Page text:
There should be no losers in a democracy, but during elections there are. Those people are the opposition. And in Ethiopia’s case, they are far worse off. The Democrats of the United States (US) may grumble that they do not have a majority in either the White House, the Senate or the Congress, but they would feel better if they saw the position Ethiopian opposition parties find themselves in. By comparison, even France’s Socialist Party seems like an overachiever.
Still, opposition parties have found a way to affect structural reforms, like to the electoral system. It could also be that the ruling party, Ethiopian People’s Revolutionary Democratic Front (EPRDF), are trying to be more amicable than usual.
If past procedures have not worked out, and in some cases, have even led to unrest, then why not try something new?
The negotiation between the ruling party and the opposition parties focuses on certain, rather obvious, talking points. The latter had agendas in mind that would pertain to, for instance, a constitutional amendment or border demarcation. These were no-go zones for the incumbent officeholders and thus vetoed.
Parties such as Semayawi left the negotiation. For the remaining, some of the agendas up for discussion were laws related to the media, anti-terrorism and human rights.
Still, the most crucial seemed to be the electoral reform. Currently, Ethiopia operates under the first-past-the-post system. It is the most straightforward form of voting to explain and work with. It is how the candidate or political party with the most votes wins.
But the system of voting is often criticised for bypassing altogether the parties that do not win. A party with a majority, whatever its comparable size to the overall voter density, receives all the seats of that particular district or state.
If this is the reason opposition parties think that the EPRDF has the most seats in Parliament, then it is a sad day for the country.
First-pass-the-post is practised in a slew of other countries, including some of the most prominent proponents of liberal democracy – the US and the United Kingdom (UK). These countries have an enviable human rights record, a free media (the best example of which is people openly making fun of their leaders) and a smooth transfer of power. If Ethiopia has a problem, then it does not lie in the type of electoral system the nation follows.
It is hard to deny that both Western countries have the kind of electoral system which has not allowed new parties to take root. In the US, the legislative, executive or judiciary have been relayed between the Republicans and the Democrats for at least 100 years. For the British, the resulting government has either been the Tories (Conservatives) or the Labour Party for the last half of a century (the Liberal Democrats were able to reach a coalition in the 2010 general election).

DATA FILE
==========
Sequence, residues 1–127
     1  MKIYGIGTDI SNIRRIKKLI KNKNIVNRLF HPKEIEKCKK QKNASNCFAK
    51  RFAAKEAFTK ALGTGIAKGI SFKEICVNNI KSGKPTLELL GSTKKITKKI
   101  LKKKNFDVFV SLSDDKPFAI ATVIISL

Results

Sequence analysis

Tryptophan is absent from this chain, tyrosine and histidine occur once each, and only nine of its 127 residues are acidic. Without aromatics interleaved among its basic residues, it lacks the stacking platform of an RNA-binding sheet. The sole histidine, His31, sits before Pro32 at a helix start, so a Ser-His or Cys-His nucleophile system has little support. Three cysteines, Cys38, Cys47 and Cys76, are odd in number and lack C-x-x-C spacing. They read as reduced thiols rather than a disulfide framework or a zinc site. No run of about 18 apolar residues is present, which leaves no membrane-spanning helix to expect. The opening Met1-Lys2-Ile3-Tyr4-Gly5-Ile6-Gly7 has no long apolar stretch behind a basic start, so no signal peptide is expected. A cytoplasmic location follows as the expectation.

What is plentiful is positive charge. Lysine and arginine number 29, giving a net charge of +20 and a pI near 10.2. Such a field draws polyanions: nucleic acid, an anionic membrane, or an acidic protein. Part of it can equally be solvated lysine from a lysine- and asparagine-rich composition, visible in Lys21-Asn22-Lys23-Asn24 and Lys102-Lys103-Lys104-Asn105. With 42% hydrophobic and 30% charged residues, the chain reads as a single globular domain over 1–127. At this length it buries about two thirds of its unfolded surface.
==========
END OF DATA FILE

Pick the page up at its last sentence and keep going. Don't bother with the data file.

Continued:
Still, what is evident in the case of both countries is that one party is not preternaturally dominant. It is hard to find a party, in countries where a multiple of them are allowed to exist legally, like in Ethiopia, where 90pc of the legislative body is controlled by a single one.
At the negotiation, the oppositions have asked the EPRDF for details on the proposed mixed electoral system. It is the type of voting system where both the first-past-the-post and the proportional representation would be incorporated. Indeed, the scheme is murky.
Other parties prefer proportional representation. It is the type of voting system where every party gets an equivalent value of the seats it has won in local councils or federal parliament.
But one wonders, would this give power to institutions, bring about good governance and restore faith in the democratic system?
More than anything else, what opposition parties lack is originality. Ethiopia has never been one for a bad constitution. Ideally, it can accommodate multiple parties well. The dilemma lies in practising what everyone seems to be preaching lately. If the electoral system was what is lacking in the country both Germany and the UK would not have a smooth transfer of power. If opposition parties are unable to hold public office, so that they represent more views and ideas, then a different electoral system is far from the anecdote.
It is true that a negotiation with the government is essential, but it is also high time they stop expecting solutions from the state. They need to be creative; they need to understand that there are more means of getting the government’s ear, which is through the people.
Message is the key, and the method of processing the topic and channelling it needs to be worked on. In the 21st century, where there are more means of gaining an audience and relaying one’s point across, nothing could work more thoroughly. Their agenda need not be emotional, but instead reasonable. If they oppose the current federal structure, then they have to explain what it is they want to see it replaced with. If they believe Ethiopia should join free trade agreements (FTA), they should show what they plan to do about the constant and growing flow of imports.
The saying – do not hate the player, hate the game – does not apply here. What is flawed is not the game or even just the leading player, but the players as a whole.
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